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We all have heroes in our lives. For me the obvious, no-brainers are my amazing father, the surgeons who saved my life, Walt Disney and a few other people who have inspired me to be strong, resilient, creative and compassionate. I discovered a new hero in my life long after I actually met him. In fact, you could say I knew him literally in another life.
Jordan Matter is an amazing photographer who captures the beauty of dance in the world all around us every day. He created the book “Dancers Among Us,” which captures dancers in everyday scenarios, finding the “dance” in the ordinary. Each photograph is more breathtaking than the next.
I knew his book spoke to me as a recovering patient fresh out of the hospital, hungry for inspiration at a time when hope was sparse. But I had no idea just how this hero of mine had made an impact on the life I longed to reconnect with — the life before my coma at 18 years old.
This was a letter I sent to Jordan Matter, after finding his email address in the back of his beautiful book:
“Dear Mr. Matter,
I never anticipated that a casual browse through my local Barnes & Nobles would lead to such a beautiful discovery. Your book ‘Dancers Among Us’ caught my eye, as I am a dancer myself. I sat down with the book of photographs and inspiring writing and I couldn’t put it down. I was actually brought to tears by the sheer beauty of every moment you captured. You were able to bring the most mundane activities to life, set our everyday routines to music and bring such joy to my day.
Every time I visited that bookstore, I found myself drawn to the same aisle, the same shelf, the same book. Your photographs stayed in my head like a melody and I couldn’t stop looking at each page. Finally, I decided to buy the book — I had to have it for myself, but also, a book so special needs to be shared with someone you love — it is too good of a book to keep all to yourself. I purchased it and couldn’t wait to share it with my parents. That night, I excitedly brought your book to dinner, wrapped in tissue paper and packed with a card explaining all that your book meant to me and everything I hoped it would bring them as well. My mother — very intrigued — took the book and flipped to the back to read about the photographer. I never expected what was to follow.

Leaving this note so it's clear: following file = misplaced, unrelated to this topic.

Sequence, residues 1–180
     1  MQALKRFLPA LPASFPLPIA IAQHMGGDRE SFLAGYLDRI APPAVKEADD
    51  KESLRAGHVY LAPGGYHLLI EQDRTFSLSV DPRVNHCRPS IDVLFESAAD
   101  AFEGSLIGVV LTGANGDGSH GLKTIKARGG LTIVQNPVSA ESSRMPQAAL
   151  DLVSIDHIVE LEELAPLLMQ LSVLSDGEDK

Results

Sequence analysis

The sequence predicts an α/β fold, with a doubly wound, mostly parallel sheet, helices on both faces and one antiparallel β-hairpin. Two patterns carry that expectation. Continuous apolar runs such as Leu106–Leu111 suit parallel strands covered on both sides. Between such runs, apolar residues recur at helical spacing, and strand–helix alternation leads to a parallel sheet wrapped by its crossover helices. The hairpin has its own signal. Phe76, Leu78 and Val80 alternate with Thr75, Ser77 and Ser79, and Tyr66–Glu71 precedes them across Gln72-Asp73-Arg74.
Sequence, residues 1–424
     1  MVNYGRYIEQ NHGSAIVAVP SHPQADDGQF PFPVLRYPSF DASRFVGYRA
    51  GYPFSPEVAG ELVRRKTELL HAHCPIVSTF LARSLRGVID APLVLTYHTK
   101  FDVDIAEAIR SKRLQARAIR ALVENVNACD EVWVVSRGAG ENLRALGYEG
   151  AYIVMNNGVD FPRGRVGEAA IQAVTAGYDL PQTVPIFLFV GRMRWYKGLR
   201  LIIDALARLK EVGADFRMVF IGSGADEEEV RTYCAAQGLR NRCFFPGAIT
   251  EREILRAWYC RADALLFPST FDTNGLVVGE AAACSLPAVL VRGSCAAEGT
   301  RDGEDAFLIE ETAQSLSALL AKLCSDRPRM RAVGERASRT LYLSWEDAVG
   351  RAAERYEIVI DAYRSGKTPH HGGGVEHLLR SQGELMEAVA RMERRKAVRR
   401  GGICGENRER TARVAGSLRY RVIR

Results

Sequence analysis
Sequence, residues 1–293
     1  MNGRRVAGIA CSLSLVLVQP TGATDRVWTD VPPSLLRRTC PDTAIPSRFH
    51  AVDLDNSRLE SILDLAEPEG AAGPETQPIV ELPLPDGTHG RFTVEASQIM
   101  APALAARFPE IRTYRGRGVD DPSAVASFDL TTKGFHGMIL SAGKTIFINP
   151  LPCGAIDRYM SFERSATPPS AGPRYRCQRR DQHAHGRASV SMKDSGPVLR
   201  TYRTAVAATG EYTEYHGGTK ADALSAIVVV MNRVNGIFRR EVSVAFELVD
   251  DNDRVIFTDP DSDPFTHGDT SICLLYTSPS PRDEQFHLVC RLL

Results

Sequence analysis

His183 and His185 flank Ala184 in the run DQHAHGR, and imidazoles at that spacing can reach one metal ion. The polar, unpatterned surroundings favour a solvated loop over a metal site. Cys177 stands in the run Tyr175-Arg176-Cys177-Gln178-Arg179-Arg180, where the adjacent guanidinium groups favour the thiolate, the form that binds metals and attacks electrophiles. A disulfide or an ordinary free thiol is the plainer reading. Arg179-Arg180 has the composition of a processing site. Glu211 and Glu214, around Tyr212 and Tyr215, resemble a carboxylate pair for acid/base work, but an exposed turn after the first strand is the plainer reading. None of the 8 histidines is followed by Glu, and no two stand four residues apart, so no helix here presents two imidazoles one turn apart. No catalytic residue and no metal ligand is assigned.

‘Amy! You know who this is?’
‘I don’t know – who?’
‘Jordan Matter! He did your headshots when you were 17!’
I put my fork down and took a closer look. We immediately looked up your website and recognized you as my old headshot photographer. But those headshots meant so much more to me than just something to be stapled to the back of my resume. Those pictures were my last reminder of a life that seems so very far away: a life of innocence, joy and carefree youth. You took those headshots at The Cloisters museum in January 2005. It was a chilly day but the sun was shining so brightly and the light captured my eyes so beautifully. I was 17 and got many auditions and roles with those headshots.
In April 2005, those pictures suddenly became a keepsake for my parents to hold onto to maintain hope. On April 25, 2005, my senior year of high school, I abruptly developed a blood clot and fell into a coma for months. When I awoke, I was told that I had no stomach anymore, I couldn’t eat or drink and no one knew when or if I would ever be able to again. I was not surgically reconnected for another three years. Countless doctors, seven hospitals and 27 surgeries later, I stand here, strong and vital, full of life, grateful to be here, but very tried and tested.